How to keep motivated during NANOWRIMO and beyond!
National Novel Writing Month (NANOWRIMO) is upon us, and millions of people will be sitting down in front of their computers, doing their best to pop out a 50,000 word novel in just thirty days. The experience can be both liberating and daunting.
Although it is not required nor expected to reach the 50,000 word count by the end of November, it is easy to lose steam and inspiration before the 30th comes. To keep that motivation going, here are a few examples you can do to keep calm and carry on.
“If you write 10k a day, you will end up with a book. If you write 1k a day, you will end up with a book. If you write 500 words every Tuesday, you will end up with a book. If you write 100 words before bed, or 50 whenever you can, you will end up with a book.”
Write the scenes you want to see first!
Skip around in your story and write the scenes that give you the most motivation. Some authors build their entire story around that single scene. Once that scene is down on paper, you’ll have a better idea of when/where/what/how your story gets to that part.
Write it first, edit it second!
According to Stephen King’s Rules for Writing, first write for yourself, then for your audience. https://www.dorrancepublishing.com/authors-rules-writing-stephen-king/
Accept your first draft will be bad, and that’s okay! The point of NANOWRIMO isn’t to craft the next Great American Classic, it’s to write.
As part of the ‘write it first, edit it second’ suggestion, deleting is editing. Not just misspelled words or grammatical errors, but don’t delete the obvious plot holes, the awkward dialogue, or the character who is supposed to be dead in this scene. Every bit of writing, good or bad, is a journey to becoming a better writer. Instead put your writing in another folder to look back upon, to study, or to reflect. As author Cecil Atkins put it, “Nothing you write is ever wasted.”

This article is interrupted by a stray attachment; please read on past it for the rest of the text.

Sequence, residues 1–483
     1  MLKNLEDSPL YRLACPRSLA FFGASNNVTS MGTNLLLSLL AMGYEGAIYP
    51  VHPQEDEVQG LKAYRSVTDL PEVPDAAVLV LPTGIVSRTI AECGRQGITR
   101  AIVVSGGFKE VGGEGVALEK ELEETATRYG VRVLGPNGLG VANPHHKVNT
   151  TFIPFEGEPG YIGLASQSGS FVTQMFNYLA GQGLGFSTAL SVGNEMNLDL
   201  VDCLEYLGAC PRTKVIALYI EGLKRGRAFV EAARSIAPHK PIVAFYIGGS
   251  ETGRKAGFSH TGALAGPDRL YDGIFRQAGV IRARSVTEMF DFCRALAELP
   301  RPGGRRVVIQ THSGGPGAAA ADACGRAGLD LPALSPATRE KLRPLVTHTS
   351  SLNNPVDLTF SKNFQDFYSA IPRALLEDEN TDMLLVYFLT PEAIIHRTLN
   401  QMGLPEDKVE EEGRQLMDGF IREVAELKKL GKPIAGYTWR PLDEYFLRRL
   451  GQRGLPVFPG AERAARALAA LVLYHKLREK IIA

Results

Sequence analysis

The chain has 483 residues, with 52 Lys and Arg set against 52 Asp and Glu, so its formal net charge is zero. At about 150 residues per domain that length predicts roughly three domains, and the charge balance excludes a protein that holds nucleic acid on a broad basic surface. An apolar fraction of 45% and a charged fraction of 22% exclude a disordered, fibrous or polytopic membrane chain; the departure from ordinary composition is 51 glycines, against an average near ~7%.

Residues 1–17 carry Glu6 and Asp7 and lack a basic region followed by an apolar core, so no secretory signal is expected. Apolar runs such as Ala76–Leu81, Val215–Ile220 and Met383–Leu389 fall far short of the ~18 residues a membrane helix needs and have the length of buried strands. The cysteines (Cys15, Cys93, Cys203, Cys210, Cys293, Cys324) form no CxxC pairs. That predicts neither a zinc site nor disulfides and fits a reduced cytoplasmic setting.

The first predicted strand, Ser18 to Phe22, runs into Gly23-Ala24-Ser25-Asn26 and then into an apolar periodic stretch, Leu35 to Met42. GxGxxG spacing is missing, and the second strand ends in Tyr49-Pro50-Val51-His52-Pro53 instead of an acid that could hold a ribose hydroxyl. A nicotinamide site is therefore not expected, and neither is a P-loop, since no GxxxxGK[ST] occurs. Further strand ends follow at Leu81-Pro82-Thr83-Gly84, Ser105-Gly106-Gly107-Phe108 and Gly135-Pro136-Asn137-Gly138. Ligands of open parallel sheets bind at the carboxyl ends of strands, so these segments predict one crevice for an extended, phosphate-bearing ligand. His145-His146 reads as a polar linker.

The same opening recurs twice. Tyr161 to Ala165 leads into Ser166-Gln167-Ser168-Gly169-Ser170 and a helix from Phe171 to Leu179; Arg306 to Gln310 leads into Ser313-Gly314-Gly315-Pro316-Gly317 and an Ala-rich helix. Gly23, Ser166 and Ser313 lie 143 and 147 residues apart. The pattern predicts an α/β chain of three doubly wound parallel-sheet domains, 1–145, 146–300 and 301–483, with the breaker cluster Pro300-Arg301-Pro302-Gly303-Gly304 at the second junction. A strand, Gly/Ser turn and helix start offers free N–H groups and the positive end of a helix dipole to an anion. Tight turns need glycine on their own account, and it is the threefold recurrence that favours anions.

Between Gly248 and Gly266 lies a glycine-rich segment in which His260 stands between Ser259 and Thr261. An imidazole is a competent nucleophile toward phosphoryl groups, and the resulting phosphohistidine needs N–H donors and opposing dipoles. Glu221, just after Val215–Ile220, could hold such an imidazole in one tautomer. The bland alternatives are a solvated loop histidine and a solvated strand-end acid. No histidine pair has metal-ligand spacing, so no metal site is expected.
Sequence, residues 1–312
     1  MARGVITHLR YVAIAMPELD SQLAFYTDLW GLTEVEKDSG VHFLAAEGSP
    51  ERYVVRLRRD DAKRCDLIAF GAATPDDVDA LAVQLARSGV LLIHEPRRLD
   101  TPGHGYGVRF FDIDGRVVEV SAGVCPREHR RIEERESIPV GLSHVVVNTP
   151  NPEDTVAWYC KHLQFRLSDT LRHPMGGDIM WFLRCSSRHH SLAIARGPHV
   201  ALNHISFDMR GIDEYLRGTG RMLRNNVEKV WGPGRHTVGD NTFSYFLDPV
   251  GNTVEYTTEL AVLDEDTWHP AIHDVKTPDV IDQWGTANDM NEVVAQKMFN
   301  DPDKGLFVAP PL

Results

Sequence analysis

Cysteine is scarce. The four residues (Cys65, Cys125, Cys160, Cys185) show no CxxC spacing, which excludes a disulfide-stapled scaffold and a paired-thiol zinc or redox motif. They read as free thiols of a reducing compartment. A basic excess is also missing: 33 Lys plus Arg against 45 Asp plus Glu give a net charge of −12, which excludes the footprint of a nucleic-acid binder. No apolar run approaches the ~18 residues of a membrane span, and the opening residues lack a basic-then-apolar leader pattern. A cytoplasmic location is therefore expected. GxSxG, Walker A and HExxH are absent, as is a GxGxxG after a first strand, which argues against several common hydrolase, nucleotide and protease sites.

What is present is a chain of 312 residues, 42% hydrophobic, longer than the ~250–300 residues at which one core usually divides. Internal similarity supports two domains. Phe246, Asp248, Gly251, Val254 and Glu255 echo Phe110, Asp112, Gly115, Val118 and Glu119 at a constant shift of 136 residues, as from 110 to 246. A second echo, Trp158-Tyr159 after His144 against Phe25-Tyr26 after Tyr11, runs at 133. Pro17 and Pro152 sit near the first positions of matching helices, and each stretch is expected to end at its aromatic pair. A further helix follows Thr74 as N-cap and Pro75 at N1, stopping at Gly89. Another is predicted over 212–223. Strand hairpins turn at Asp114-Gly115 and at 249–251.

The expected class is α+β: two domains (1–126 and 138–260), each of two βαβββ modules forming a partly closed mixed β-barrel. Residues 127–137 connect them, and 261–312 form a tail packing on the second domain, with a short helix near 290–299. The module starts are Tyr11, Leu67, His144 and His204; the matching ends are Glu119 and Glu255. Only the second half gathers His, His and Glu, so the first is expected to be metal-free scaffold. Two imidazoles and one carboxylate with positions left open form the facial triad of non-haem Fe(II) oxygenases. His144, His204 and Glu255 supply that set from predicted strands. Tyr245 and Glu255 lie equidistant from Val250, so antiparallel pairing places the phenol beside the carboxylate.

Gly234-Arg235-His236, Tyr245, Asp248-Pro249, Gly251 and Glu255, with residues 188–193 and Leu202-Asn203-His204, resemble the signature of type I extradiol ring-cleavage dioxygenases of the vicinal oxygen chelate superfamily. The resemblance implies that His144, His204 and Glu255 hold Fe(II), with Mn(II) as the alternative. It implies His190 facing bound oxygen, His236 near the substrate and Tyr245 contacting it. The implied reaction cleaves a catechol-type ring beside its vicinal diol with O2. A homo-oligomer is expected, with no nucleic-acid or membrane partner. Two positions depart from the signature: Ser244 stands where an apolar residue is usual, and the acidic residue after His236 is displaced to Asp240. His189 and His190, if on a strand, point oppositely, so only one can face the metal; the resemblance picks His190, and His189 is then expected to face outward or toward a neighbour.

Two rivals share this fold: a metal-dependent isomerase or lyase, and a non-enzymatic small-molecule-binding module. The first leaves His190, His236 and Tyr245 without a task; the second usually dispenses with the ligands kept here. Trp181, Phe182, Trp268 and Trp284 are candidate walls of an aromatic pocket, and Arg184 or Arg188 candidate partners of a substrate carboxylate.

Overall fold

Celebrate your accomplishments!
As American author William Zinsser said, “Writing is hard work.” On top of writing an average 1,600 words per day to meet the NANOWRIMO deadline, authors will still have to contend with work, school, kids, and other daily activities. Don’t beat yourself up for what you didn’t write. Instead pat yourself on the back for what you were able to achieve. Writing is hard work!
Discipline is better than motivation!
Motivation is a fickle thing, it’ll come and go as it pleases. Don’t rely on motivation. Instead, set up a schedule and stick to it. Just like getting up and going to work every day, even on days when you don’t want to, making an effort to write every day is a discipline you will need to master.